What Is 3D Data Visualization?

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  • Written By: Alex Newth
  • Edited By: Angela B.
  • Last Modified Date: 12 January 2020
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Three-dimensional (3D) data visualization refers to a computer program or other technology that enables users to see a visual representation — whether static or animated — of data on their computer. For most 3D data visualization programs, users are able to make a visualization of any local information, but web information may be limited. Unlike other visualization programs, 3D data visualization is intended to be in 3D, which makes this visually different from other types. Information in the visualization can either be static or dynamic.

The reason for 3D data visualization is to create a visual representation of information on a computer. This representation can be very simple, like a line graph representing the number of files on a computer, or it can be a complex web of nodes and information that interlink with other nodes. Visualizations can be static, meaning they do not move, or they can be animated with visualization nodes that can fly around the screen.

Most 3D data visualization programs enable users to create a representation of any information on a computer, especially local information stored on the hard drive. Web information may or may not be accessible, depending on the program. Since web information usually is dynamic instead of static, and because it can be harder to access, the visualization may be limited in what can be gathered.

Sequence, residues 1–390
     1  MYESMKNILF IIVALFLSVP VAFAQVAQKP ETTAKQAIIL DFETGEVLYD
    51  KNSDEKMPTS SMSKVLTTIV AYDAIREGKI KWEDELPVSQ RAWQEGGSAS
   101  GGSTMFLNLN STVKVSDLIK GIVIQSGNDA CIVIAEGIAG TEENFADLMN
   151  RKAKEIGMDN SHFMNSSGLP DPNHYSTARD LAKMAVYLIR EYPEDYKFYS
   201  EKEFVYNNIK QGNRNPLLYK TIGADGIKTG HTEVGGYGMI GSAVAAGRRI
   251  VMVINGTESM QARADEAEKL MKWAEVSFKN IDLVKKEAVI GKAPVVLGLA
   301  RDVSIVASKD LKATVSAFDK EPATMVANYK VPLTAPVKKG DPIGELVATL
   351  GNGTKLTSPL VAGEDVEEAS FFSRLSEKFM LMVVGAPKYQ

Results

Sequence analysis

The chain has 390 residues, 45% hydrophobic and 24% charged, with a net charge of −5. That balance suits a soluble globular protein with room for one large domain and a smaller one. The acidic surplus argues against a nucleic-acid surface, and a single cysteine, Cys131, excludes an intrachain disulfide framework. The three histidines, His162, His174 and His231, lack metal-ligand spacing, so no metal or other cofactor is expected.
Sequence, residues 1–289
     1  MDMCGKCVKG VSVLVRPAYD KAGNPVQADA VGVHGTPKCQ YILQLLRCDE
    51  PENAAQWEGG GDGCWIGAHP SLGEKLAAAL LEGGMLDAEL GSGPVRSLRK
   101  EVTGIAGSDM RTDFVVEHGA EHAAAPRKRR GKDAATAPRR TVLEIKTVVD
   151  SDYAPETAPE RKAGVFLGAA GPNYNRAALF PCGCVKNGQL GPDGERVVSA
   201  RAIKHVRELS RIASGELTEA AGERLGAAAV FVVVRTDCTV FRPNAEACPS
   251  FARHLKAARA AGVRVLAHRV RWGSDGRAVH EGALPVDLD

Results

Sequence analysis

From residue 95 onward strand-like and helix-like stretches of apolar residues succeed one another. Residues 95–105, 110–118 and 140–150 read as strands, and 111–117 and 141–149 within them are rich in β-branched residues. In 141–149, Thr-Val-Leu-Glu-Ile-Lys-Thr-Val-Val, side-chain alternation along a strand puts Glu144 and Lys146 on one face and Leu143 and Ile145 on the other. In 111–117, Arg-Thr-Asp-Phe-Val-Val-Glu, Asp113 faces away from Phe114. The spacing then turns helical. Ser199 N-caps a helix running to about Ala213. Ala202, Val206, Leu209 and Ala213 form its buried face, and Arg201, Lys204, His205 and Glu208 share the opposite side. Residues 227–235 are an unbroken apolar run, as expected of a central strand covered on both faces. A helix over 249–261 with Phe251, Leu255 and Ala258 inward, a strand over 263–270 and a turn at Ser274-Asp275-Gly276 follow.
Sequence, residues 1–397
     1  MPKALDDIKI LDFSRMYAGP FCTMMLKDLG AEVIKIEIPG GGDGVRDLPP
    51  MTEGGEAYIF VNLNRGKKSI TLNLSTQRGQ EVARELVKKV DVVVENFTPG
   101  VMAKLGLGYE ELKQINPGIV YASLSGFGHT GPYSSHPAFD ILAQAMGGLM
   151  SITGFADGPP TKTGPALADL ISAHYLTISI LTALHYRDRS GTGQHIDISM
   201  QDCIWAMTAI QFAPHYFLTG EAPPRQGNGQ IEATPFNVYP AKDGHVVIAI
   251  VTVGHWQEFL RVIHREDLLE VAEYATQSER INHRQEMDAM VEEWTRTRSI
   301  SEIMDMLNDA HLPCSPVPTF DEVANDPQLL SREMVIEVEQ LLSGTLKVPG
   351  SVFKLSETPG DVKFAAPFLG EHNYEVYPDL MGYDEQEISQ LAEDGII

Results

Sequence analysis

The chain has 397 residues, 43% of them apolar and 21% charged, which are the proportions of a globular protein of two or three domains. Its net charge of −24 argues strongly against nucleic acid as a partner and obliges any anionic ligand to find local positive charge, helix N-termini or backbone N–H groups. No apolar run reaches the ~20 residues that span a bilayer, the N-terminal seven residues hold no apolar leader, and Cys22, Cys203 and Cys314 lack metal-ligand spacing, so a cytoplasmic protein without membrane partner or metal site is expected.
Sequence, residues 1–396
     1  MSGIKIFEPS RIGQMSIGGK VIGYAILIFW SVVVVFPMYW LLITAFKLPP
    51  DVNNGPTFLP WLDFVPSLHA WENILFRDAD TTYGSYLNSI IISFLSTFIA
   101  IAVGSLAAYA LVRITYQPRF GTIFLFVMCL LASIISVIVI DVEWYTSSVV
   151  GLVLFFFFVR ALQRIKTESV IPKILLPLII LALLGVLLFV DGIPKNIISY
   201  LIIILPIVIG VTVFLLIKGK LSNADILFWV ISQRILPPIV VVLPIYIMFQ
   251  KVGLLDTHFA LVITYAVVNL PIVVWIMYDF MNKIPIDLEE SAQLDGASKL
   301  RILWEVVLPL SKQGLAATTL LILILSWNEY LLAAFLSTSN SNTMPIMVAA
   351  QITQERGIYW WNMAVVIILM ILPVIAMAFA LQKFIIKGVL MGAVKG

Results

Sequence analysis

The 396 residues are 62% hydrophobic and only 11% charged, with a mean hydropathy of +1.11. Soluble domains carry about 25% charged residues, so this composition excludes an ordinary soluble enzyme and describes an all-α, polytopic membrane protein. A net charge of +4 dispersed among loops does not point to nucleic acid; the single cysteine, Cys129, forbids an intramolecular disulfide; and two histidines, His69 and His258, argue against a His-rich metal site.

In function, 3D data visualization is similar to other data visualization programs. The main difference between this and any other types is that all the visualizations are created in 3D, which gives the visualizations more depth. A beneficial byproduct of using 3D is that it typically is easier to make animations, and this gives visualization designers more to work with so they can make more visually striking representations.

When 3D data visualization is used, the representation can either be static or dynamic. Unlike being static or animated, which refers to the movement of the representation, this refers to the information itself and whether the visualization is self-updating. Static visualizations, in this regard, just show a snapshot of information and cannot change. Dynamic visualizations are self-updating; when a file or variable in the visualization changes on the hard drive or the web, the representation will immediately reflect this difference. Dynamic visualizations are more in-depth, so they often require more code to ensure the representation can update without shutting down, and more power typically is needed.


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